“They [workers on strike] know how difficult it can be to obtain those certificates of fitness from the fire department, because they are specific to the terminal. And it takes time and effort to study and be taught. So there’s no way that in the amount of time that he fired these replacements that they were having, you know, had all the proper qualifications,” Demopoulos said.

“We’re willing to fight now more than ever. Because look at all of the other strikes that have been going on like John Deere, Warrior Met Coal, Columbia teachers [referring to the graduate student union] and so forth… just to name a few,” Soleyn said. “All of that is part of that labor movement that we’re a part of. Saying enough is enough. We need to be paid what we are worth. We put our lives on the line, we did everything necessary to keep this place open while they were at home.”



Gonzalez runs for new Senate district

By Matthew Fischetti

[email protected]

Kristen Gonzalez is running in the the Senate district that covers Greenpoint and parts of Queens

As a working-class girl from Elmhurst who commuted to middle school on the Upper East Side, Kristen Gonzalez developed an early political consciousness.

Even though she was in the same city, she realized she lived in two different worlds. At her Roosevelt Avenue station in Queens, she saw lines of immigrants waiting to get free breakfast from a Catholic charity. 

When she got off the subway at 86th Street in Manhattan, she saw lines of businessmen in fancy suits and coats grabbing their morning Starbucks. 

Even though Gonzalez is only 26 years old, she already has an impressive background in politics. At Columbia University, she was president of the local College Democrats chapter where she got involved in Get Out The Vote campaigns. 

From there she worked at the City Council writing policy recommendations through the Young Women’s Initiative, but felt like she didn’t see the needle moving. So during what would have been her senior year, she dropped out to work in Washington as a Latino Engagement intern for the Obama administration and then in Senator Chuck Schumer’s office. 

While she says the experience was informative, it also made her realize the change she wanted to make wouldn’t be found in the confines of City Hall or in the Capitol Rotunda, but rather, “it was in the working-class communities that raised me back in Queens.”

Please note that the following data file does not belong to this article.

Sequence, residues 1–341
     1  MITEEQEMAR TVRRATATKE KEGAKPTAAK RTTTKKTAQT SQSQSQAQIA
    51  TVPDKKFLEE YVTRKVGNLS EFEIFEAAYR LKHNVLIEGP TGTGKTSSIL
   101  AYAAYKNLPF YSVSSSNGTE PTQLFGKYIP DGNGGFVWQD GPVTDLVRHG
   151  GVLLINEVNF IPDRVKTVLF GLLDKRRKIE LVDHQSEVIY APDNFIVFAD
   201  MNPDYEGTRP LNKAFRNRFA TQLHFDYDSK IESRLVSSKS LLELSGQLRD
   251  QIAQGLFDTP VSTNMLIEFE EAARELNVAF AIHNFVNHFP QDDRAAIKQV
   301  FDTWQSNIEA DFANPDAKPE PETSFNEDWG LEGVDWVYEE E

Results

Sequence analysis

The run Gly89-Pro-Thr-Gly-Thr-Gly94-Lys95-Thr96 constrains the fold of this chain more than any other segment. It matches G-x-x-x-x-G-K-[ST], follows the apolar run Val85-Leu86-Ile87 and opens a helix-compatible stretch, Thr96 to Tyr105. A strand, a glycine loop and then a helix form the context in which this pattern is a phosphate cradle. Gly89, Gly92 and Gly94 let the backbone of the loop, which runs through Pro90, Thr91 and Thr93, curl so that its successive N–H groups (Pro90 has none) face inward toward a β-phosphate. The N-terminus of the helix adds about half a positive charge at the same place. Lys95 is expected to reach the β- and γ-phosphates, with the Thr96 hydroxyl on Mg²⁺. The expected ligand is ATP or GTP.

Less than 24 hours after the new State Senate district maps were released, Gonzalez declared as a candidate for District 17, which includes areas of Woodhaven, Maspeth, Long Island City, Glendale, Ridgewood and Greenpoint. 

She was first approached by the Democratic Socialists of America to run for office in December. Gonzalez thought it was a real opportunity to build a larger socialist movement in Albany.

“Next week, the strategy is to start down in southern parts of the district and, and really try to build on the movements we’ve seen with campaigns like Felicia Singh to turn up more folks in the Punjabi, Bangladeshi, and Guyanese communities,” she said. “Then coming back up to really engage and build a base of more Latino working-class families, as well.”

Gonzalez has assembled over 20 veteran progressive politicos who worked on campaigns for Congresswoman Alexandria Ocasio-Cortez and Councilwoman Tiffany Cabán.

Gonzalez’s top three priorities are passing single-payer health care, building publicly owned renewable energy, and passing good cause eviction and ending subsidies for luxury developments.

She first got involved with DSA in 2018, organizing their tech action working group, rallying support for privacy bills like the Public Oversight of Surveillance Technology Act to force the NYPD to be more transparent about the types of surveillance technology the department uses.

When asked about Mayor Eric Adams’s push to make New York City a hub for cryptocurrency, Gonzalez rolled her eyes.

“It’s a replication of the issue where the city moves forward in a way that benefits the very wealthy who are invested in things like crypto, but without thinking about those who are behind who just don’t have basic access to the internet,” Gonzalez said. 

A recent report from the state comptroller’s office found that over one million New Yorkers lack access to quality broadband services. As a member of the tech action working group, Gonzalez helped create the Internet For All campaign, a 46-page blueprint on how to achieve municipal ownership of broadband utilities.

Gonzalez has already raised over $23,000, and her Twitter account had such a quick influx of support and followers, the social media service put her account under review for “suspicious activity”.

“I could not be more grateful and just humbled by the support that we saw in this last week,” Gonzalez said. “We believe this is the best campaign for the district because we are representative of it.”

Restler looks to hit the ground running

Lincoln Restler is one of the newly elected NYC council members. Can he pull off his progressive agenda in an Adams administration?

By Matthew Fischetti

[email protected]


Lincoln Restler has big dreams for North Brooklyn. 

The freshman councilman for the 33rd District won a crowded Democratic Primary on an ambitious agenda of making the district the first to be carbon neutral in the city, reallocating part of the NYPD budget to create a new public safety agency of social workers and mental health care providers, and preventing the overdevelopment of the Brooklyn waterfront. 

But can he pull it off? 

The 37-year-old councilman may be a freshman in the City Council, but he is far from new to New York City politics.